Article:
Pema Chödrön was born Deirdre Blomfield-Brown in New York City in 1936. She has said that she had a pleasant childhood with her Catholic family, but that her spiritual life didn’t begin until she attended boarding school, where her intellectual curiosity was cultivated.
At age twenty-one, Pema got married. Over the next few years, the couple had two children, and the young family moved to California. She began studying at the University of California at Berkeley, graduating with a bachelor’s degree in English literature and a master’s in elementary education.
In her mid-twenties, Pema’s marriage dissolved and she remarried. Then, eight years later, that relationship also fell apart. “When my husband told me he was having an affair and wanted a divorce,” she said in an interview with Bill Moyers, “that was a big groundless moment. Reality as we knew it wasn’t holding together.”
In an effort to cope with her loss, she explored different therapies and spiritual traditions, but nothing helped. Then she read an article by Chögyam Trungpa Rinpoche that suggested working with emotions rather than trying to get rid of them, and this struck a chord. She has said, however, that at the time she didn’t know anything about Buddhism, and wasn’t aware that the article was even written by a Buddhist.
Continuing her exploration, Pema met Tibetan Buddhist teacher Lama Chime Rinpoche and had what she has described as a “strong recognition experience.” He agreed to her request to study with him in London, and for the next several years she divided her time between the U.S. and England. When in the U.S., she lived at Chögyam Trungpa’s center in San Francisco, where she followed Chime Rinpoche’s advice to study with Trungpa Rinpoche. She and Chögyam Trungpa had a profound connection, and he became her root guru. He had the ability, she has said, to show her how she was stuck in habitual patterns.
Trungpa Rinpoche supported Pema when she decided not to remarry or to get involved in another relationship. “My real appetite and my real passion was for wanting to go deeper,” she told Lenore Friedman in Meetings With Remarkable Women. “I felt that I was somehow thick, and that in order to really connect… with things as they really are… I needed to put all my energy into it, totally.” For Pema, this meant, in 1974, ordaining as a novice nun under the Sixteenth Gyalwa Karmapa, head of the Tibetan Kagyu lineage.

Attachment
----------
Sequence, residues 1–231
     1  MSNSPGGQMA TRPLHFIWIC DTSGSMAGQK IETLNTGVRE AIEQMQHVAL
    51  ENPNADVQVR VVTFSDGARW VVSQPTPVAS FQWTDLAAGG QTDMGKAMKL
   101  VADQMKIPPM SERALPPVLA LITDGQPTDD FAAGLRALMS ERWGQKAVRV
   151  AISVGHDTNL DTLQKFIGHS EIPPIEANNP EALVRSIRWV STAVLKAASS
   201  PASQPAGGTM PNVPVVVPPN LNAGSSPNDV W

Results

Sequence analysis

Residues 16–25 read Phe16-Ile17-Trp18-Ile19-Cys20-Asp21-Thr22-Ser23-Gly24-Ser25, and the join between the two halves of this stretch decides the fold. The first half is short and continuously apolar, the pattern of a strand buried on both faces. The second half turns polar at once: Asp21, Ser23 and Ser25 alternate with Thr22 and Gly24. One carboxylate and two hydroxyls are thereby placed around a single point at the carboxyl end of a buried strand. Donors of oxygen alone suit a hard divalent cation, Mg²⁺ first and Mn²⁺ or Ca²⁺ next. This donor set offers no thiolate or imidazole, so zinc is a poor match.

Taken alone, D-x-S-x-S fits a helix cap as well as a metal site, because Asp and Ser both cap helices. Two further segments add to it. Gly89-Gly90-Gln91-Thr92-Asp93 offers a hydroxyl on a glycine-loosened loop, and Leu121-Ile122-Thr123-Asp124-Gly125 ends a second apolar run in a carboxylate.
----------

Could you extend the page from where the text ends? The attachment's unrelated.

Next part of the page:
As full ordination is denied to women in the Tibetan tradition, Pema didn’t think she would ever take the full bhikshuni vows that would make her a fully ordained nun. But in 1977, the Karmapa encouraged her to seek out someone who was authorized and willing to perform the ceremony. This search took several years and finally brought her to Hong Kong, where in July 1981 she became the first American in the Vajrayana tradition to undergo bhikshuni ordination.
The next big step in Pema Chödrön’s life was to help Trungpa Rinpoche establish Gampo Abbey in Nova Scotia. The Abbey, completed in 1985, was the first Tibetan Buddhist monastery in North America for Western men and women, and she took on its directorship.
Pema’s first book, The Wisdom of No Escape, was published in 1991, followed by Start Where You Are in 1994, and When Things Fall Apart in 1997. Readers were moved by her earthy, insightful teachings, and her retreats were suddenly full to overflowing. She was now constantly being asked to give talks and to take part in media events.
Meanwhile, in 1994 she was diagnosed with chronic-fatigue syndrome and environmental illness—sicknesses she was still struggling with when she met Dzigar Kongtrul Rinpoche, a young Tibetan Buddhist teacher. “There was this longing that I had since Trungpa Rinpoche died—to have someone to ask my questions of,” Pema said in an interview in Crucial Point. Today, Kongtrul Rinpoche is Pema’s teacher and she devotes herself to his rigorous training methods. She is also an acharya(senior teacher) in the Shambhala community.
In a 2006 interview with the Lion’s Roar, Pema explained that she had learned from Kongtrul Rinpoche that everything we seek was like shifting, impermanent clouds, yet behind that the mind was workable. “The underlying state of openness of mind has never gone away. It has never been marred by all the ugliness and craziness we’re seeing.”
Under Kongtrul Rinpoche’s guidance, Pema spent several years focusing on her practice and on recovering her health. Recently, she has taken on an increasingly full schedule of teaching and fund-raising.